Third Sunday of Lent Cycle A
Exodus 17:3-7; Romans 5:1-2, 5-8; John 4:5-42
From our childhood, we love a good story. The great works of literature are great because they tell such great stories. Great books of history bring the events back to life in front of our eyes. Fairy tales teach children important lessons about not straying too far from their parents or not crying wolf to cause a commotion, and the lessons are listened to because they were embedded in interesting stories. We can read the statistics on the sports page but we’d rather read the story about what happened in the game, with all the color and personalities.
Today’s Gospel reading is a great story, told by John early in his Gospel. I’m using the word “story” here not in the sense of “he’s just making up a story” – that is to say, a lie – but in the sense when someone asks you to tell them the story of your life – which means they want more than just the bare facts, and would like to get a sense of who you are. John gives us that kind of story, about a woman who encounters Christ while going about her normal daily routine. It strikes a chord with us since I think that most of us, too, would love to sit down with Jesus, have a drink, and discuss what is important to us. Although not stated explicitly in any of the Gospels, Jesus’ public ministry is estimated by the events discussed to have lasted three years, so during that time Christ would have had numerous encounters with people that are not recorded in any of the Gospels. So when John chooses this one to record in depth, we understand that it is of particular importance to understanding Christ and his message. Part of the greatness of this story is that there are many aspects and multiple layers to it. Many are not evident with a single reading or without knowing some historical information about the encounter.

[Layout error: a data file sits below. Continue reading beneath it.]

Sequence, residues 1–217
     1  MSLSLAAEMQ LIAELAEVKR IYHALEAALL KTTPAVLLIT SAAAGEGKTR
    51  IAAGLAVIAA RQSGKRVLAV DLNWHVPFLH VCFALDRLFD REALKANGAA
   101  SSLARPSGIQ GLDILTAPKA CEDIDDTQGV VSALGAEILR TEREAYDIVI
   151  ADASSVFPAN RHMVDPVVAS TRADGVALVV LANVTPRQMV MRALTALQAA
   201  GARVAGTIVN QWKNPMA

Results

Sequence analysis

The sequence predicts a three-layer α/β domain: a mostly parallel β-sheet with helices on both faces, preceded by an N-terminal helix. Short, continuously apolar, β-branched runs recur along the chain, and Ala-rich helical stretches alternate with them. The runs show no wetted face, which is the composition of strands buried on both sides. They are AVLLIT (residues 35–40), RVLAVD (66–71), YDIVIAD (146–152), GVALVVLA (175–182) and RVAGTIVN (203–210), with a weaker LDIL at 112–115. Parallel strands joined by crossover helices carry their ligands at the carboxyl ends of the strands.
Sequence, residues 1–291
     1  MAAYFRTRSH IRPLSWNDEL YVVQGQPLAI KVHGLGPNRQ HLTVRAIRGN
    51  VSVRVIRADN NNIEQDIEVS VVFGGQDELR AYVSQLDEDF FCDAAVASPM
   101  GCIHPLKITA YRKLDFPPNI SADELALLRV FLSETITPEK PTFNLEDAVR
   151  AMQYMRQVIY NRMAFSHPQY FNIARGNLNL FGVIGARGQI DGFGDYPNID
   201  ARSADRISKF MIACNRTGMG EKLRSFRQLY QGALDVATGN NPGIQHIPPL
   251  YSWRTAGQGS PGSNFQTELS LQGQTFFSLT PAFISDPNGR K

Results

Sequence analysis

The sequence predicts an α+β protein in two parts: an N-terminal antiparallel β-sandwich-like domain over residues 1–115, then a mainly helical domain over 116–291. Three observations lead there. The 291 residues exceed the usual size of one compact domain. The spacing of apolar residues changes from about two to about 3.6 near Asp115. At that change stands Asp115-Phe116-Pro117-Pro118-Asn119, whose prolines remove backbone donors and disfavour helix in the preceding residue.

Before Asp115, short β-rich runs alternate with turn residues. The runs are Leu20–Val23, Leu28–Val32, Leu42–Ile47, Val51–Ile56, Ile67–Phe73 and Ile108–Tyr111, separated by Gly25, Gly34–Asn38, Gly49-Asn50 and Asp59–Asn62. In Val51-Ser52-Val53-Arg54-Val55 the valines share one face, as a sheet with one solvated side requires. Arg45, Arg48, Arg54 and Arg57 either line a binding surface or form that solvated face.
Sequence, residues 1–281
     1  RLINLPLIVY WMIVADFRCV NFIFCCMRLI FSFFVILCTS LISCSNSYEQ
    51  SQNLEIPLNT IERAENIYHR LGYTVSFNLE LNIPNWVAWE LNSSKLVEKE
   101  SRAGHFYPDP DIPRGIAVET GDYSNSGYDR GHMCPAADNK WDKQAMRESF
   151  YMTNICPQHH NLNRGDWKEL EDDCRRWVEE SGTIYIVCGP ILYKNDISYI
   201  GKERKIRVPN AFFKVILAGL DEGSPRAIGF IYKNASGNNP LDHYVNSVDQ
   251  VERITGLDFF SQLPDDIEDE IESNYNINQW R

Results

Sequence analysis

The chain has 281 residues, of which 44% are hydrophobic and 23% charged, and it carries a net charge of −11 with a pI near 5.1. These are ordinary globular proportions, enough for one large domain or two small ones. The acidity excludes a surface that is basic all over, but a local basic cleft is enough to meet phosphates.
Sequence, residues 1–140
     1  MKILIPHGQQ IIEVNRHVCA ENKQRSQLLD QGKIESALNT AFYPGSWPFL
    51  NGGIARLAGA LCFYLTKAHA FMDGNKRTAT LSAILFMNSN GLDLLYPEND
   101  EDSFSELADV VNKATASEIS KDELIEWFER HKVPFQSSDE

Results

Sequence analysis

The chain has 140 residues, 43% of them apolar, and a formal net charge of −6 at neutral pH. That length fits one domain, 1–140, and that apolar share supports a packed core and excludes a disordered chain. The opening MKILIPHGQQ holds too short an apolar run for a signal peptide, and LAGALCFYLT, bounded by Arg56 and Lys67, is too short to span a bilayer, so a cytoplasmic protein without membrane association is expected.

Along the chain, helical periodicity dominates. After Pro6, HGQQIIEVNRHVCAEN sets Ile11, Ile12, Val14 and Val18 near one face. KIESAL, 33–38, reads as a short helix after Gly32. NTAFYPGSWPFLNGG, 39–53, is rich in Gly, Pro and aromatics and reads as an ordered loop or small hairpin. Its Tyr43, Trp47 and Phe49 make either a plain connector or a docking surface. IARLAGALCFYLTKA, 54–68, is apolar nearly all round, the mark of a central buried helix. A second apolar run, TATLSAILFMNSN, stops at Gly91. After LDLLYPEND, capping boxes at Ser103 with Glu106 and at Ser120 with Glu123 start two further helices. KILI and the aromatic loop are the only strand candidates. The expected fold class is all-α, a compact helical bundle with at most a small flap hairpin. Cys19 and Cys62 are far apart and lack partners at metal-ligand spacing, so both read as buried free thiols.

First, this encounter should not have been happening at all according to Jewish customs and traditions. The Samaritans were a people who were descendants of Jacob's son Joseph. Modern scientists have established that they are genetically similar to the Jewish people, but during the Babylonian exile their religious practices diverged, although both claimed the same books of the Torah as the source for their different practices. As we often see in other groups, the greatest and most heated arguments occur between people who agree on most everything except for what would be to an outside observer some minor differences. In this story, the issue discussed is whether the nearby shrine at Mount Gerizim on the one hand, or Jerusalem on the other, is the proper center of worship. Compounding the fact that she is a Samaritan is the fact that she is a woman. By Jewish custom Jesus should not be addressing her at all, since the sexes were always kept separated. One lesson that we can draw from this is that Jesus was going to call everyone to participate in his salvation, no matter the circumstances.
Second, as Jesus does so many times, He chooses to spread his message of salvation with a person publicly known to be sinner, a woman who does not comply with Samaritan or Jewish law on marriage. Jesus throughout His life chooses tax collectors, people considered unclean due to disease, and similar people to spread His message. She was no saint, although as a result of this story she becomes one: Church tradition says that after this conversation with Christ she is converted and becomes an evangelist, and eventually becomes a martyr, venerated in the Eastern Catholic and Orthodox faiths as Saint Photine, or by the Latin Photina.